There's a certain inherent danger to handicapping a presidential debate. Everything that's said about tomorrow's debate in Miami -- widely considered the most important because of the subject matter (foreign policy) and the audience size (expected to drop off with later debates) -- gets thrown into the pre-debate spin cycle, wherein each side insists that its candidate is at a disadvantage, hoping to create expectations low enough to exceed impressively. By the logic of the expectations game, the very act of declaring an advantage for one candidate or the other marginally increases the chance that said declaration will prove itself wrong.
That said, a few things to consider.
The Rules. The Kerry and Bush camps have already slugged it out in a behind-the-scenes debate over the particulars of how the debates will operate. The Bush administration famously demanded that the schedule of three debates be reduced to two; it's generally thought that avoiding debates -- where the challenger has an opportunity to mount, well, a challenge -- is to the incumbent's advantage, particularly when he's also the frontrunner. The Kerry camp fought for the full schedule, something that, Kerry campaign manager Mary Beth Cahill told Time, "was much more important to us than any detail of the format."
But consider the concessions that the Bush camp got in exchange: Though Bush won't stand on a "pitcher's mound" to make up the several inches that Kerry has on, the podiums will be ten feet apart to blur the height difference. Tools that Kerry used in his successful debates against William Weld during the 1996 Massachusetts Senate race, like direct questions and roaming the stage, will be unavailable. Whenever a candidate exceeds his allotted time, his warning light -- sure to prove a Victor Laszlo to the Rick and Ilsa of Kerry and his own voice -- will appear on television. Add to all that expectations-game coup of a match-up being introduced by anchors as the debate that Bush didn't want, and the President's advantage on this front looks pretty clear-cut.
The Issues. That the first debate should concern foreign policy was another concession that the Bush campaign demanded and got; like several decades of Republican candidates, Bush enjoys an advantage here. The Bushies could not plan on yesterday's announcement from Pyongyang that North Korea now has nuclear weapons; whatever the culpability of the previous administration, that the NorKs' nukes went live on Bush's watch is a liability that Kerry will surely try to exploit, though Kerry has his own vulnerability: he is on record in favor of cutting funding for a missile defense that will be operational very shortly, possibly before the election. As for Iraq, Dick Morris may well have been on to something Monday when he said on Hannity and Colmes that the President "has so emphasized Kerry's flip-flopping, so-called weakness, vacillation, all that stuff, that Kerry has to take strong positions in the debate. And either way he takes a strong position on Iraq, he loses." Conservatively, one must give at least a slight advantage to Bush here.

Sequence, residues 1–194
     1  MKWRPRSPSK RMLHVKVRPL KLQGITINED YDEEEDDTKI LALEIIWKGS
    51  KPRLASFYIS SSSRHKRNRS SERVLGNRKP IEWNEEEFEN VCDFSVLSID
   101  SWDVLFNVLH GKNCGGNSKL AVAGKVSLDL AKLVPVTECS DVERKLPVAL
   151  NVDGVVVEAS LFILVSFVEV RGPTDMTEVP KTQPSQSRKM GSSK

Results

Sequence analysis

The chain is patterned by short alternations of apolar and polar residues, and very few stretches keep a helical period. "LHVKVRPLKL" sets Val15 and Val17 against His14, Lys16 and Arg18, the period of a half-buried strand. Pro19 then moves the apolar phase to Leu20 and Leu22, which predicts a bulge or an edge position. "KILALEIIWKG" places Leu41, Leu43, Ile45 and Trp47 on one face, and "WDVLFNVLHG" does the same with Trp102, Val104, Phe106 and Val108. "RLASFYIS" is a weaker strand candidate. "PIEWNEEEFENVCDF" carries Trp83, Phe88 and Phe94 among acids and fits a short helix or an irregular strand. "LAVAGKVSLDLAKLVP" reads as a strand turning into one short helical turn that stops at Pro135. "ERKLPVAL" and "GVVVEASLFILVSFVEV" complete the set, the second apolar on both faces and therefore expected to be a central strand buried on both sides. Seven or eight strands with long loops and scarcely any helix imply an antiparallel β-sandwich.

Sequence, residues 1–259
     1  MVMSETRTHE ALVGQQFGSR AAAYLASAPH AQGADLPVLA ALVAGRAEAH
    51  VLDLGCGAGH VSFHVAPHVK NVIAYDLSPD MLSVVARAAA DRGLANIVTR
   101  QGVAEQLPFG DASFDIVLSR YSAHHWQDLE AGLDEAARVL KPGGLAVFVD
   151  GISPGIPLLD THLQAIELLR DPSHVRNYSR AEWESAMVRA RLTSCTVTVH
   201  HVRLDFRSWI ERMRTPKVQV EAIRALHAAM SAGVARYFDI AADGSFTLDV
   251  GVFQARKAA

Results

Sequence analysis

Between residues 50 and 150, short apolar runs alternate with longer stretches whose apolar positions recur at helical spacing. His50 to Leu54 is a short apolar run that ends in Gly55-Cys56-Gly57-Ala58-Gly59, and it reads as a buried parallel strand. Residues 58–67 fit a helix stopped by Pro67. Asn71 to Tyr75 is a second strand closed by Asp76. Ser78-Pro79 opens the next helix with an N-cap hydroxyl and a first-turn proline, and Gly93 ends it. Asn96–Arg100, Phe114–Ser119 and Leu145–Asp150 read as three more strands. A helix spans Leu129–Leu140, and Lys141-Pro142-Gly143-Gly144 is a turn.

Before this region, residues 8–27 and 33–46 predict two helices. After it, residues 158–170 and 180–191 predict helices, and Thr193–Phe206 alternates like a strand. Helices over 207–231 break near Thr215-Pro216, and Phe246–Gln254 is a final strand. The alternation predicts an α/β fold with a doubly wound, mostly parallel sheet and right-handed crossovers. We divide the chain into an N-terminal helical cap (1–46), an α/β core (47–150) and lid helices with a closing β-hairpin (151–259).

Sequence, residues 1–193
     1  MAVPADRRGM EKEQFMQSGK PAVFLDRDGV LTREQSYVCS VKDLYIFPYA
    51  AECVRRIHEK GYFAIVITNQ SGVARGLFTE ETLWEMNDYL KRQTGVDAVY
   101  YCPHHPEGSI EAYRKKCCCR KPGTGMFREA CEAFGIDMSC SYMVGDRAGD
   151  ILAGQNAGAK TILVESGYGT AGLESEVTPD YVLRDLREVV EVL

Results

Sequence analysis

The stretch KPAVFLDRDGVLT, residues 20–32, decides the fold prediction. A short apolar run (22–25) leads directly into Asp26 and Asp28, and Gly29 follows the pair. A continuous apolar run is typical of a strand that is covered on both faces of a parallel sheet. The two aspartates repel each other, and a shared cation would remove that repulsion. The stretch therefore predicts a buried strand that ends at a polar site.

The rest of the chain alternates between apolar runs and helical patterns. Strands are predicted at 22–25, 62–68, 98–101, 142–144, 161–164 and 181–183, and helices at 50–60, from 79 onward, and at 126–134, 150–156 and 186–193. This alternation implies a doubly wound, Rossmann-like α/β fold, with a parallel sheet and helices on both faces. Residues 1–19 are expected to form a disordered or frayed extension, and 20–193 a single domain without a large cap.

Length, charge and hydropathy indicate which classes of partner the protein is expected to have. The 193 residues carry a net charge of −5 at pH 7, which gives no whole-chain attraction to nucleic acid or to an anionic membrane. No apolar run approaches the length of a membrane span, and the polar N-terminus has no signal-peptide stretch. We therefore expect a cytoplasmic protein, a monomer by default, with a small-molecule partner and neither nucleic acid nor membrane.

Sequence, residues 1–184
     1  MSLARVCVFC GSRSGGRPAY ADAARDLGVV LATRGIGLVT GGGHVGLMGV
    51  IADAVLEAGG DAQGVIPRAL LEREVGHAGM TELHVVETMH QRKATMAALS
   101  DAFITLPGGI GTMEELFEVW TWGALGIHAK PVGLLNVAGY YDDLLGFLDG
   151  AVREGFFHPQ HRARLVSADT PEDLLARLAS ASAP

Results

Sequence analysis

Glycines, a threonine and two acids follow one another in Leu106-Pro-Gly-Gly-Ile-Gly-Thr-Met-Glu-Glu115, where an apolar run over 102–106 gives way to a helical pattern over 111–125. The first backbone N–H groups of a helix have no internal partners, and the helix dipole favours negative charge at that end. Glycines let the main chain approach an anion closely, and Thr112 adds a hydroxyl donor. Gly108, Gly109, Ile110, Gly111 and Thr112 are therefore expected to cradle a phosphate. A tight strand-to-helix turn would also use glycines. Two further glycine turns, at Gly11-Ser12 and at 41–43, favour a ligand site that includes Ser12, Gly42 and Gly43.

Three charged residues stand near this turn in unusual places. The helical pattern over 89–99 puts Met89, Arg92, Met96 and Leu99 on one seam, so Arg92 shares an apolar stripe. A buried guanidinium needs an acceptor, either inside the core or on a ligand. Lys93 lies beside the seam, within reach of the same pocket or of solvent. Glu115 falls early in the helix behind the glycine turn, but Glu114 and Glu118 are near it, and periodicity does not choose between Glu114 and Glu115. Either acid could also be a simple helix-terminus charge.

Likeability. Here's where we must really puzzle over the effects of the spin cycle. It's widely acknowledged that President Bush has a regular-guy charm and a gift for connecting with people, whereas Kerry has the personal magnetism of an android carved out of granite. This perception is so widespread that Kerry can almost exceed expectations by registering a pulse. It's tempting to counterintuitively mark this as an advantage for Kerry based on his cultivated ability to generate a "he's not so bad" reaction. Lest we be accused of being cynical expectations-masseuses, let's call this one even.
As the race stands, President Bush has a small but real lead; if the election were held today, he would almost certainly win. This gives him a strategic as well as psychological edge. The debates may not change the dynamics of the race at all, or they may help Bush, or they may help Kerry. Two of those three possibilities would be good news for George Bush. John Kerry can afford only one of them.
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